‘Faithfully Yours’ (2023) Review: A Predictable Murder Mystery That Would Keep You Hooked

Murder mysteries are hardly ever uninteresting. We all grew up reading Agatha Christie’s novels. There was no way that they would not keep us hooked. Murder mysteries have taken various forms over the years. While some were successful, many were duds. Knives Out was one of a kind, but then we also had a film called The Girl On The Train, which was quite the “train” wreck. If murder mysteries are not done well and do not tickle your brain to figure out who the murderer might be, they become a bore. Faithfully Yours dangerously treads the line between being interesting and predictable, at the same time. But why? Written and directed by André van Duren; and other writers include Paul Jan Nelissen and Elisabeth Lodeizen, Faithfully Yours centers around a woman’s disappearance from the scene of a crime and her friends and family trying to get to the bottom of what happened to her. The film revolves around the quest that the cops take to solve this case.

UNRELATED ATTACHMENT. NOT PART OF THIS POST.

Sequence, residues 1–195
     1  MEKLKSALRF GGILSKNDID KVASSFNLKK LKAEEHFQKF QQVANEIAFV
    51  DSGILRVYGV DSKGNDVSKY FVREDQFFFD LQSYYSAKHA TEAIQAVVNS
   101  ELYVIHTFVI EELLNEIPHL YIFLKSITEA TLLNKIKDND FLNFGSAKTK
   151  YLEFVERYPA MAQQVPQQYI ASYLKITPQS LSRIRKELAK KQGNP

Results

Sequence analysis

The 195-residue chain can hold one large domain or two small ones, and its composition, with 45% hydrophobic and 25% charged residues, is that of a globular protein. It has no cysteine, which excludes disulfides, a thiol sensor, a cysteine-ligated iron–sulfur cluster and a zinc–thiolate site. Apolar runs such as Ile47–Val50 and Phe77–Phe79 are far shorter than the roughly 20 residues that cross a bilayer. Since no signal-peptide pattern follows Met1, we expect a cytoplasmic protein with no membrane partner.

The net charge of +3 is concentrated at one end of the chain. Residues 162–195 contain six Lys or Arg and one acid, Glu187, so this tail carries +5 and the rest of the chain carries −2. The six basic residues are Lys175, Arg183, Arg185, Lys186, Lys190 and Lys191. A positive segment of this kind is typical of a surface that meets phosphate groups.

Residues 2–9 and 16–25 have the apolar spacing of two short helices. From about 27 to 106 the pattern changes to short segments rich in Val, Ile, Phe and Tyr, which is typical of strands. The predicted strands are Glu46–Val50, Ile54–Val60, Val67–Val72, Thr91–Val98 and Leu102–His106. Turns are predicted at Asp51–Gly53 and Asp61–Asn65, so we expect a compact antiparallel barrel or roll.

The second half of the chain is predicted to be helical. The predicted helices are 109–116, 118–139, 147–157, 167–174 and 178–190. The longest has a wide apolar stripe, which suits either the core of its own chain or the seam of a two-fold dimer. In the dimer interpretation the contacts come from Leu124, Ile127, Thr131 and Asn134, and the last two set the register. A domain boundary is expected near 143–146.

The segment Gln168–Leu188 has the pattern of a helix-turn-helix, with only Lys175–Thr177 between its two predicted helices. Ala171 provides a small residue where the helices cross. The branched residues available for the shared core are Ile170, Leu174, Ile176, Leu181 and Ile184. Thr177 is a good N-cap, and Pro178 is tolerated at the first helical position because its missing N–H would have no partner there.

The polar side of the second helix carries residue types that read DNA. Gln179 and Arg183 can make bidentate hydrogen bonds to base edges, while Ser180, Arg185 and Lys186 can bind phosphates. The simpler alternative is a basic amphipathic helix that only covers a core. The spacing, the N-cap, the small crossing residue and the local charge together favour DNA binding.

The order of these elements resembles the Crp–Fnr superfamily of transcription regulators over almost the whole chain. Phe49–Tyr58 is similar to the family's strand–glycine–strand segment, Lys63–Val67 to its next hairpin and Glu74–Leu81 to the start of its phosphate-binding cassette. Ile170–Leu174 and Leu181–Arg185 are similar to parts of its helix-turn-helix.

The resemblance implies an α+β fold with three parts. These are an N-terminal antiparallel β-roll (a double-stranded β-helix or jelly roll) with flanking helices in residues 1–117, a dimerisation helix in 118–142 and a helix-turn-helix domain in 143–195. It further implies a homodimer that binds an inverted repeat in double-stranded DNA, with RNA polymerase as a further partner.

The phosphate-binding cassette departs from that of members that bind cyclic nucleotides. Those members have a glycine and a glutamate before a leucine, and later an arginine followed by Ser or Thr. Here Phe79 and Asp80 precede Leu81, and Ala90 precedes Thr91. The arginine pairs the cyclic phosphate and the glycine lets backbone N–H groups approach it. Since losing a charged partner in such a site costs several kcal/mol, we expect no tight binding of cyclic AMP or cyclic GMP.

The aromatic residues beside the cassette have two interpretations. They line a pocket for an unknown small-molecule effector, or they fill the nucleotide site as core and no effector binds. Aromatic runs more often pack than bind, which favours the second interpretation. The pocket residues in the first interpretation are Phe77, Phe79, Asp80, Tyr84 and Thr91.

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The movie begins with Bodil Backer, who is a judge at a local court in the city of Antwerp and is living a happy life with her husband, Dr. Milan Saber, and son, Ben Saber. Bodil is on her way to Ostend for a weekend getaway at her aunt’s ancestral property with her best friend, Isabel. It has not been established how long the two have been friends, but judging by their interactions, it’s clear they have a close bond and would do anything for each other. Bodil and Isabel plan to go their separate ways upon reaching Ostend and become each other’s alibi by formulating perfect plans, so their husbands won’t suspect anything. Their plan so far has no loophole, but very soon into the trip Isabel’s suspicious husband requests that she come back to Antwerp as the man has injured himself. Isabel is on her way to pick up her phone, which she had requested Bodil to keep with her because she knows her husband Luuk has placed a tracker on her phone to monitor what his wife is up to. When Bodil comes back from a swim, she’s terrified to see a bloodied dog running out of her home. A petrified Bodil witnesses blood all over the front door, a couple of broken things, and Isabel’s suitcase. Isabel is nowhere to be found, and her phone is gone too.